There are more renters today than in previous decades, but there are not enough units renting at affordable prices to meet the needs of the lowest income households. According to Housing Spotlight: The Affordable Rental Housing Gap Persists, released today by the National Low Income Housing Coalition (NLIHC), there is a deficit of 7.1 million rental units affordable and available to extremely low income households, those with income at or below 30% of area median income. Nationwide, there are only 31 affordable and available units for every 100 extremely low income renters. Extremely low income renters make up 25% of the total renter population, but just 7% of all rental units were affordable and available to this population. This report is based on 2012 data, the latest available.
For the first time, this edition of Housing Spotlight also highlights how it is nearly impossible for renters with income at or below 15% of area median income to find housing that they can afford. These renters are considered deeply low income by NLIHC. They are most often elderly or disabled households living on fixed incomes, such as Supplemental Security Income (SSI). There were 4 million of these renter households in 2012, but just 16 affordable and available units for every 100 of them, and 90% spent more than half of their income on housing costs.
Along with these and other national statistics, the report provides data by state, and for the first time this year, by metropolitan area, to provide more clarity on where housing need is greatest. The states where extremely low income renters were least likely to find housing affordable and available to them were Nevada, with just 15 units of available and affordable housing per 100 renters, followed by Arizona and California (20), Florida and Oregon (21), and Texas (26). The states with the most rental units affordable and available to extremely low income households were South Dakota (54) and North Dakota (52). In every state, at least half of all extremely low income renters spent more than 50 percent of their income on housing costs.
Because affordable rental units within a state are often located in parts of the state that are far away from jobs, transit, and other services, NLIHC also looked at the shortage of units for the 50 metropolitan areas with the largest renter populations, and found the situation grim for the lowest income renter households. The Las Vegas-Henderson-Paradise metro area in Nevada had the greatest need, with just 12 affordable and available units for every 100 extremely low income renter households. No metro area had more than 44 affordable and available units for every 100 extremely low income renter households.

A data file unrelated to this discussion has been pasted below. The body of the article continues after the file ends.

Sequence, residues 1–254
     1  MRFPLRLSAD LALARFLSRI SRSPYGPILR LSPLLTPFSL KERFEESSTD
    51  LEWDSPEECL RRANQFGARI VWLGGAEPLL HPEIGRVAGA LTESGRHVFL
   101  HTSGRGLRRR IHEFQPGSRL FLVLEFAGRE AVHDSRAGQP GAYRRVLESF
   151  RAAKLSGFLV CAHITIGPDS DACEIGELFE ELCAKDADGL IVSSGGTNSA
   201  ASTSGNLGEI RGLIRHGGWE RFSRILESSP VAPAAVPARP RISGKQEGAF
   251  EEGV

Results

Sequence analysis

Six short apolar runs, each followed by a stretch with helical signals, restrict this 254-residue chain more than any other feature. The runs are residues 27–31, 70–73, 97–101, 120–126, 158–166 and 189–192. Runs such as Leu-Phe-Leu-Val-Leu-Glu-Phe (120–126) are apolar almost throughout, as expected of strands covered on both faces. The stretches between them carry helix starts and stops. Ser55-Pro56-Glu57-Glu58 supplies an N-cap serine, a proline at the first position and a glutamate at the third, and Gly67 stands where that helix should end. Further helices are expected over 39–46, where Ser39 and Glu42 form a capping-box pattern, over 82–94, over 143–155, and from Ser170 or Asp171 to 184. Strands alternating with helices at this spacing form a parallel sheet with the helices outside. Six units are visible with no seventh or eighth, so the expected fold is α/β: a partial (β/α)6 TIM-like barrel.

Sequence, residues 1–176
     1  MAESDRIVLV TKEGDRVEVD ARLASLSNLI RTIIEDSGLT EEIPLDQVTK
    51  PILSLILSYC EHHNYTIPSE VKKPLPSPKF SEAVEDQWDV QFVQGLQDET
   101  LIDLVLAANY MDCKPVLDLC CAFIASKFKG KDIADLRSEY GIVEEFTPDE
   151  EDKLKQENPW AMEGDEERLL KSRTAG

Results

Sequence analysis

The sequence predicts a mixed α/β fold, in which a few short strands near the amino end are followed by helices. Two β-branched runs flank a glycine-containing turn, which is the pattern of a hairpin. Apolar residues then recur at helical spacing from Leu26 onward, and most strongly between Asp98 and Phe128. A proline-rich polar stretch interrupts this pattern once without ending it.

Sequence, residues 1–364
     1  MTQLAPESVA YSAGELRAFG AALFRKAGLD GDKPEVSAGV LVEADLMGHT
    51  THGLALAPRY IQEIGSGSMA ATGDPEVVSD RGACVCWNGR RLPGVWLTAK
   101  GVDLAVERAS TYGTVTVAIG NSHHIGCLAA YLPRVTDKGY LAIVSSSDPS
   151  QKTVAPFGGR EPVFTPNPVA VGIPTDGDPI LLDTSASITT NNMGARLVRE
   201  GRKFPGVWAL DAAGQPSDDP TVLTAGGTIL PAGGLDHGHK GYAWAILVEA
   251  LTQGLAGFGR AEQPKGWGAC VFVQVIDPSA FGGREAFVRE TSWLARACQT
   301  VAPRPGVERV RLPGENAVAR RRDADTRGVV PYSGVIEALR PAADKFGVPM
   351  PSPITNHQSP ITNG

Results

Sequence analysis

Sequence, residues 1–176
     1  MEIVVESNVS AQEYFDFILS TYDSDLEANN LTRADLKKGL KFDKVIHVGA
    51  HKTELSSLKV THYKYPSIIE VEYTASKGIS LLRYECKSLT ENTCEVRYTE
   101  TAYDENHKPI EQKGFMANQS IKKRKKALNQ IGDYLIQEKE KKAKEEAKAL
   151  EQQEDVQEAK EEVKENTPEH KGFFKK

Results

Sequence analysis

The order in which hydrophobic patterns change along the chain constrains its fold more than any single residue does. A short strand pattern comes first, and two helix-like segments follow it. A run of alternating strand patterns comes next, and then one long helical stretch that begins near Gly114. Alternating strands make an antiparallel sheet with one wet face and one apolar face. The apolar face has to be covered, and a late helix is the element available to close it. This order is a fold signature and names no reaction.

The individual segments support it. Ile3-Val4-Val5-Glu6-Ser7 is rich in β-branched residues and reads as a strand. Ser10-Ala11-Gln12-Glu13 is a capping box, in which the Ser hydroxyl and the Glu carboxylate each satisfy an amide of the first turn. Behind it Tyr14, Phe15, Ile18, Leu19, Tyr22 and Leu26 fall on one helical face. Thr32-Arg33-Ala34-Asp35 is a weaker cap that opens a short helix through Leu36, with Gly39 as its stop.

It has always been difficult for lower income households to find affordable units, and today it is harder than ever because renting has become an increasingly common choice among higher income households since the housing crisis. The number of renters with income greater than 120% of area median income increased by 1.2 million between 2009 and 2012, transforming the rental market by putting upward pressure on rents.
“The housing crisis pushed higher wage earners into the rental market causing rent increases and a surge in the development of luxury apartments, making it nearly impossible for extremely low income households to find housing that is truly affordable to them,” said Sheila Crowley, President and CEO of the National Low Income Housing Coalition. “The way to close the gap in rental housing affordable and available to all segments of the extremely low income population,” she continued, “is to fully fund the National Housing Trust Fund (NHTF).” The NHTF is a program signed into law in 2008 to distribute dedicated sources of revenue to states to preserve and expand the supply of rental housing targeted to extremely low income households.
The report is available at http://nlihc.org/article/housing-spotlight-volume-4-issue-1
More information about the NHTF is available at http://nlihc.org/issues/nhtf
Established in 1974 by Cushing N. Dolbeare, the National Low Income Housing Coalition is dedicated solely to achieving socially just public policy that assures people with the lowest income in the United States have affordable and decent homes